Annette: Chronologically, I went to school for graphic design, University of Cincinnati, fabulous school, and then got a job. I always liked playing with words and pictures, so I was working in advertising and design, which was a natural fit. I worked at ad agencies, really stellar places, for a number of years. Then our family got an opportunity to move, and so I gave up agency life. We moved to Florida. That’s when I took the part-time job at The BookMark. I’d also been playing, in the meantime, with my own writing and illustrating picture books. One thing led to another. Then this was just really something I found while we were playing at the bookstore. That’s it.

Zibby: I worked in advertising for a little bit also. I worked at Ogilvy & Mather and Young & Rubicam. Where did you work? What role did you have there? What were you doing?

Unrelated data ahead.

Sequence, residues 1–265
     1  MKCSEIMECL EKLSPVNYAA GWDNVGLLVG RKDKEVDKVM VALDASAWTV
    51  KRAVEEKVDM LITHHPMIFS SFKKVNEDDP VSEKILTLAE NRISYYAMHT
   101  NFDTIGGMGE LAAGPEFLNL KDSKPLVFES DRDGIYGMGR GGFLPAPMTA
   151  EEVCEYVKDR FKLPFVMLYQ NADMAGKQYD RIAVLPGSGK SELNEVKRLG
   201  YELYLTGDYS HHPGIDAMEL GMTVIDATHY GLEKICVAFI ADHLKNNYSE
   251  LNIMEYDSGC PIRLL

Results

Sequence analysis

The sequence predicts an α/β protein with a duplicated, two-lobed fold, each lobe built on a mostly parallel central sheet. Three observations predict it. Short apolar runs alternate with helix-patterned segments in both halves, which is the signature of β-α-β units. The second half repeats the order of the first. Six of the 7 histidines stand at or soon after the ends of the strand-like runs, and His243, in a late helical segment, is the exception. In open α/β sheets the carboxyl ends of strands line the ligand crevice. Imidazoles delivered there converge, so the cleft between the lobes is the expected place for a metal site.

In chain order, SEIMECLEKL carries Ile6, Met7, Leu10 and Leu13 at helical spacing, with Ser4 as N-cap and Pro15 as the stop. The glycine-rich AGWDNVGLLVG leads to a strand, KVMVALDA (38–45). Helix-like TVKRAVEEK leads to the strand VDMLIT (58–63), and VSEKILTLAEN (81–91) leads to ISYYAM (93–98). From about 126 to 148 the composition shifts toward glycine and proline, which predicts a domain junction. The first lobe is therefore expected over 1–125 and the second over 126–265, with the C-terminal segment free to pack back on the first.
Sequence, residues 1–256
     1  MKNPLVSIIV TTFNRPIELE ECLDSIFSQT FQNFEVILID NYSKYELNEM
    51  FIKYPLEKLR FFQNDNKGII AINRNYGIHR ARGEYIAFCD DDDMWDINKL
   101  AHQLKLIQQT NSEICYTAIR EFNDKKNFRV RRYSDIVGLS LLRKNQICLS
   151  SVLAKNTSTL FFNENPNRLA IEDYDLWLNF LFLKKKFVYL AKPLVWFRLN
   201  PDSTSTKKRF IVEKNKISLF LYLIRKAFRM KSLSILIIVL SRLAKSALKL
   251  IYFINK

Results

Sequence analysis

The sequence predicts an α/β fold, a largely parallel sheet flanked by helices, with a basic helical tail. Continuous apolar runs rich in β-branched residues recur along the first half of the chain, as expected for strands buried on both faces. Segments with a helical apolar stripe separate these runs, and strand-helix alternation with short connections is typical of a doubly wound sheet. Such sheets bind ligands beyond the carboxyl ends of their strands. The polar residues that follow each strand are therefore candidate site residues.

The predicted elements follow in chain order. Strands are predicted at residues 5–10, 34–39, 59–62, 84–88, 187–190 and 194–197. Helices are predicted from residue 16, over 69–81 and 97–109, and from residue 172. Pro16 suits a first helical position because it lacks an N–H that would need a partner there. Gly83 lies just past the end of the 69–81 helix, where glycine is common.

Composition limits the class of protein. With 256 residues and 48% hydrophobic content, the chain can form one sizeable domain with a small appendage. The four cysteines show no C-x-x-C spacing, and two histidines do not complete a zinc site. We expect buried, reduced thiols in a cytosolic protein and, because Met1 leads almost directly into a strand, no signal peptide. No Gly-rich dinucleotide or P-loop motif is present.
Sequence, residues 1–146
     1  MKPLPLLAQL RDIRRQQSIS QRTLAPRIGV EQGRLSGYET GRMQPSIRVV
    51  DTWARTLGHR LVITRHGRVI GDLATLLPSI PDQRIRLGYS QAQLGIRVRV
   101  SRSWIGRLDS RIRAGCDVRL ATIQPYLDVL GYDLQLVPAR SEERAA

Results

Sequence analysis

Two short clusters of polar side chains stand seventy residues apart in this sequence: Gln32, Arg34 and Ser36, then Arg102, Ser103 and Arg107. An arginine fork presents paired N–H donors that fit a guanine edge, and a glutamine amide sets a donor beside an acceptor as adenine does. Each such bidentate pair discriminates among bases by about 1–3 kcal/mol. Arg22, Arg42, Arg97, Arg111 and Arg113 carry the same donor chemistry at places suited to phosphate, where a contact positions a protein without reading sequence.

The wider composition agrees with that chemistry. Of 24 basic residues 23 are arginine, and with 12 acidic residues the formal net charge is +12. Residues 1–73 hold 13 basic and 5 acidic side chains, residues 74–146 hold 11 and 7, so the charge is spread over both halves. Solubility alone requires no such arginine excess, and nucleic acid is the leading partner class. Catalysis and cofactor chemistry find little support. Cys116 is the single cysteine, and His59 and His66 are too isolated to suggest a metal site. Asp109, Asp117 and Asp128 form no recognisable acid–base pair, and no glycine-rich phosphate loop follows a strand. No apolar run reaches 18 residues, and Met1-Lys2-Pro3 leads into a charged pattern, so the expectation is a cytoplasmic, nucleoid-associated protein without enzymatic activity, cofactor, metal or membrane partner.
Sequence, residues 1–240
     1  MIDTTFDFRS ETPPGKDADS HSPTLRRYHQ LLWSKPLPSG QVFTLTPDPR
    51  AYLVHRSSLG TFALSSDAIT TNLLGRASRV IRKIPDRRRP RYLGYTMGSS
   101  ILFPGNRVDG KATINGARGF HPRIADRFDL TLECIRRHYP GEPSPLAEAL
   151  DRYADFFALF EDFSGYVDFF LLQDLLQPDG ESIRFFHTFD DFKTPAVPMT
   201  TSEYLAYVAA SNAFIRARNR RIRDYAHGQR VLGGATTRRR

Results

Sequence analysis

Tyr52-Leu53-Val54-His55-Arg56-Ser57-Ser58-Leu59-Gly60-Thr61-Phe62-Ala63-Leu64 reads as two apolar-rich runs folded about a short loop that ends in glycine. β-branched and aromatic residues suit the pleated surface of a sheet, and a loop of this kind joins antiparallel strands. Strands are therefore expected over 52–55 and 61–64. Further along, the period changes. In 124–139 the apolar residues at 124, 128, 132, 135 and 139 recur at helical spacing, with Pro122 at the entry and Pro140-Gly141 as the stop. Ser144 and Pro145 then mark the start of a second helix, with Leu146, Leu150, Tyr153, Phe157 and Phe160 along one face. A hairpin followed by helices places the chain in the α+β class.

Annette: I was an art director and then became a creative director.

Zibby: That’s so great.

Annette: At the time, they called it finished artists. I go way back. We cut type — we’d send it to the typesetter — with an X-Acto — I could be a surgeon — with paper and rubber cement. It’s literally archaic now. It taught me to see spaces between letters and all that kind of stuff.

Zibby: Were there campaigns that you worked on that you’re really proud of even now?

Annette: My first TV campaign was for Royal Caribbean cruise lines. This was a really, really long ago. We had not a lot of money. We found stock footage of their ships. We put that to music. We just had lines. They were over the thing. That was really fun. That was when I was like, oh, I can do this. Then it’s adding the music, which is another fun element, to the words and pictures.

Zibby: Amazing. Then the children’s books, tell me more about those.

Annette: Listen, this is kind of interesting. I listened to — you had a guest last week who did the picture book about the garden.

Zibby: Sheila Heti?